In perhaps the most frequently quoted line from The Hartford Courant, this newspaper commented in August 1897: "A well known American writer said once that, while everybody talked about the weather, nobody seemed to do anything about it."
The quip, originating either with the editor at the time, Charles Dudley Warner, or with his friend and neighbor, Mark Twain, is wryly amusing. These days, it's also inaccurate.
We do lots more than talk. When it comes to the weather, we do plenty.
Depending on the season, we buy snow blowers, snow shovels and ice melt; stock up on bread, milk, batteries and candles; install generators; cancel school; install central air conditioning; board up the windows; take in the lawn furniture and ready the sump pumps.
We park ourselves in front of the television or the Internet, mesmerized by the dance of Doppler across the screen and astonished by frightening amateur videos of hurricanes or tornadoes. We make meteorologists our local folk heroes.
Weather is the January theme of The Courant's 250th anniversary year, because it's winter, because The Courant has always reported it, and because — even with Doppler, climate control and other technologies undreamed of in the 18th century — Courant readers are as curious about it in 2014 as they were in 1764.
It's the bad news — "severe weather events," they are often termed — that usually catches the headlines. But good weather still charms us, and the fact that we have four distinct seasons to enjoy is one reason many say they like to live in Connecticut.
What can compare with a perfect spring day, ablaze with azalea and rhododendron? Or a starry, mild summer night at the ballpark? Or the glory of the Litchfield hills in late October? Or, once the storm has passed and the roads have cleared, the sparkle of freshly fallen snow on field and tree?
It's all in a year's weather in southern New England. It can make us dream as well as curse, celebrate as well as mourn.
And it is now, as it always has been, news — of a kind that has sometimes changed the very nature of our communities.
Among the events of just the past 100 years: Devastating floods in the 1930s, abetted by the great Hurricane of 1938, led to construction of dikes along the Connecticut River in Hartford and East Hartford, greatly limiting riverside development. In the 1950s, cities such as Winsted were forever altered by flooding. Accumulating ice and snow caused the roof of the Hartford Civic Center to collapse in 1978.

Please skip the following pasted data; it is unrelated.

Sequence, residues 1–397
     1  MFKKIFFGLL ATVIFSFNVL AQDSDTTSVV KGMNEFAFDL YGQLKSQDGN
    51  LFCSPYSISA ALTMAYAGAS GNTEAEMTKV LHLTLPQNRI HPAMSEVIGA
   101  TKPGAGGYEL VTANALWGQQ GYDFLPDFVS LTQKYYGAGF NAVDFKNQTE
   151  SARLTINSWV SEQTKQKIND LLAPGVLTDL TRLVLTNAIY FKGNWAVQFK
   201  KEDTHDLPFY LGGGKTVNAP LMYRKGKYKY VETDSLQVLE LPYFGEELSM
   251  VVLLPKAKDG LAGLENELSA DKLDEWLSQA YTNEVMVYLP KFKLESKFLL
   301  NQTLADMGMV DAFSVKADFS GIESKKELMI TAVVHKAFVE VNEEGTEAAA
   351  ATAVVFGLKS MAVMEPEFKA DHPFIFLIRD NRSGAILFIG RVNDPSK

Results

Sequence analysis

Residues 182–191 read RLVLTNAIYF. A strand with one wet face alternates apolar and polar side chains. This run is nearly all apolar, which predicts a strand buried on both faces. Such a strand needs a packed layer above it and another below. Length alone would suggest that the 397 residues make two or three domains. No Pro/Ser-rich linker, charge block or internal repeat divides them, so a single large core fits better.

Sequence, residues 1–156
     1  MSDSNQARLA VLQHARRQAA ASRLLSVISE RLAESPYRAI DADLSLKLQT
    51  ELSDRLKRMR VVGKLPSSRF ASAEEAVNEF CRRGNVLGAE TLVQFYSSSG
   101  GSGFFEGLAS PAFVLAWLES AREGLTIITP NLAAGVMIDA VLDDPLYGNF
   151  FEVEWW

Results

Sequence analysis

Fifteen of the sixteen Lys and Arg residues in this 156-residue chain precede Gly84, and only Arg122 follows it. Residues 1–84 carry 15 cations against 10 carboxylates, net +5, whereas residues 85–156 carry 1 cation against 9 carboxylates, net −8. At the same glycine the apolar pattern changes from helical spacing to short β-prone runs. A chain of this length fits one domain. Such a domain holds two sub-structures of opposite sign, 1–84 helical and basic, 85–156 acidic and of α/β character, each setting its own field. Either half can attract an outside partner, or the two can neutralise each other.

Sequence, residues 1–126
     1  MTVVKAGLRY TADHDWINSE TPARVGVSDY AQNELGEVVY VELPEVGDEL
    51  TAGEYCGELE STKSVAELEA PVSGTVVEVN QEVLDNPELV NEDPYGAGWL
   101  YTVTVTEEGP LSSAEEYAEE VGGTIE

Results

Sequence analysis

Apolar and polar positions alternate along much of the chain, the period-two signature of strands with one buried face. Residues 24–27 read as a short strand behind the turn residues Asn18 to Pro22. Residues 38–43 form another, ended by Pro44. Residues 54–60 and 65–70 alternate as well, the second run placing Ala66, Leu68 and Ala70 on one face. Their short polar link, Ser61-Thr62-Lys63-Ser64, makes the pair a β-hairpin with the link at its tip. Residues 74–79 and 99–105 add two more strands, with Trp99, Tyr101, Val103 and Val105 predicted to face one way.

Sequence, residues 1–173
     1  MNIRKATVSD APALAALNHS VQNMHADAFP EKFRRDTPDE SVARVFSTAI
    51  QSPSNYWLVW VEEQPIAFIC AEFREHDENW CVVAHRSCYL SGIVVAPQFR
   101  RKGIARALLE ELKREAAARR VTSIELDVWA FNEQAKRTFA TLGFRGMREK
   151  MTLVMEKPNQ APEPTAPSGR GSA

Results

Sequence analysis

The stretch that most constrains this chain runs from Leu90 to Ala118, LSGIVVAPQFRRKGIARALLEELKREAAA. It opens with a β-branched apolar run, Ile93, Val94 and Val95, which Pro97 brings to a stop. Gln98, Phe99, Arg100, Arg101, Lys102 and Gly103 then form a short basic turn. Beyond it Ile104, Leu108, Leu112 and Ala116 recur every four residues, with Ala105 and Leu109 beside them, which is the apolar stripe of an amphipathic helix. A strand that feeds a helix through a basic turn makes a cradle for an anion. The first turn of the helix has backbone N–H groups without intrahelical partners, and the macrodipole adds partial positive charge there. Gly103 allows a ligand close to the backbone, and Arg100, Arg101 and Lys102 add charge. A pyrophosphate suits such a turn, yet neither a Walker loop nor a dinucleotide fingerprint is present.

Readers do care about the weather. And this is despite the fact that these days, we are more independent of it than ever.
Awaking in our climate-controlled homes, we go to work in climate-controlled cars or public transport; work in climate-controlled spaces; and at day's end, reverse the whole process, all the while insulated against almost everything that Mother Nature can fling at us. Our ancestors would be jealous.
But despite the best efforts of science and technology, we are still largely at the mercy of the elements. As a storm approaches, we don't sit back, smugly assuming that it has no power over us; ironically, our very self-sufficiency is based on having the electric power needed to learn about bad weather and defend against it.
We are, to be sure, better equipped and prepared than our ancestors were to deal with blizzards, tropical storms, floods and other such phenomena. But in the end, nature still has the upper hand, and that is perhaps at the core of our enduring fascination with what it's going to be like outside.
"We're seldom at ease about the weather," that same 1897 Courant editorial noted.
In that, the newspaper was absolutely right.